A new study of the 37,000-year old remains of the “Deep Skull” – the oldest modern human discovered in island South-East Asia – has revealed this ancient person was not related to Indigenous Australians, as had been originally thought.
The Deep Skull was also likely to have been an older woman, rather than a teenage boy.
The research, led by UNSW Associate Professor Darren Curnoe, represents the most detailed investigation of the ancient cranium specimen since it was found in Niah Cave in Sarawak in 1958.
“Our analysis overturns long-held views about the early history of this region,” says Associate Professor Curnoe, Director of the UNSW Earth and Sustainability Science Research Centre (ESSRC).
“We’ve found that these very ancient remains most closely resemble some of the Indigenous people of Borneo today, with their delicately built features and small body size, rather than Indigenous people from Australia.”
The study, by Curnoe and researchers from the Sarawak Museum Department and Griffith University, is published in the journal Frontiers in Ecology and Evolution.
The Deep Skull was discovered by Tom Harrisson of the Sarawak Museum during excavations at the West Mouth of the great Niah Cave complex and was analysed by prominent British anthropologist Don Brothwell.
In 1960, Brothwell concluded the Deep Skull belonged to an adolescent male and represented a population of early modern humans closely related, or even ancestral, to Indigenous Australians, particularly Tasmanians.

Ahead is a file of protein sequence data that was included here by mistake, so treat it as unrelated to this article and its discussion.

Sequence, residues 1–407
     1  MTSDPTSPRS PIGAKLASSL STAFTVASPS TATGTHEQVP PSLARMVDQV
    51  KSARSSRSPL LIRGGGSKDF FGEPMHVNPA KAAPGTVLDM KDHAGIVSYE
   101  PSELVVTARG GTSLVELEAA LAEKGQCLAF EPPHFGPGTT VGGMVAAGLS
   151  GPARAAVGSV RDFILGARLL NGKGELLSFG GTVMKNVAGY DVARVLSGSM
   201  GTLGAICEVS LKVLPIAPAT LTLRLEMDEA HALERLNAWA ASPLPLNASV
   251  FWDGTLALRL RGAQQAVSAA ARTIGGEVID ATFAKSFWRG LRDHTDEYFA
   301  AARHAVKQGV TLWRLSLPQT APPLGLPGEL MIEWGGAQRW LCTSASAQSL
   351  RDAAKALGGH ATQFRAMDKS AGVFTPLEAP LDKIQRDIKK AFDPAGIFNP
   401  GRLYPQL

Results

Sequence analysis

Our discovery that the remains might well be the ancestors of Indigenous Bornean people is a game changer for the prehistory of South-East Asia.
“Brothwell’s ideas have been highly influential and stood largely untested, so we wanted to see whether they might be correct after almost six decades,” says Curnoe.
“Our study challenges many of these old ideas. It shows the Deep Skull is from a middle-aged female rather than a teenage boy, and has few similarities to Indigenous Australians. Instead, it more closely resembles people today from more northerly parts of South-East Asia.”
Ipoi Datan, Director of the Sarawak Museum Department says: “It is exciting to think that after almost 60 years there’s still a lot to learn from the Deep Skull – so many secrets still to be revealed.
“Our discovery that the remains might well be the ancestors of Indigenous Bornean people is a game changer for the prehistory of South-East Asia.”
The Deep Skull has also been a key fossil in the development of the so-called “two-layer” hypothesis in which South-East Asia is thought to have been initially settled by people related to Indigenous Australians and New Guineans, who were then replaced by farmers from southern China a few thousand years ago.
The new study challenges this view by showing that – in Borneo at least – the earliest people to inhabit the island were much more like Indigenous people living there today rather than Indigenous Australians, and suggests long continuity through time.
It also suggests that at least some of the Indigenous people of Borneo were not replaced by migrating farmers, but instead adopted the new farming culture when it arrived around 3,000 years ago.
“Our work, coupled with recent genetic studies of people across South-East Asia, presents a serious challenge to the two-layer scenario for Borneo and islands further to the north,” says Curnoe.
“We need to rethink our ideas about the region’s prehistory, which was far more complicated than we’ve appreciated until now.”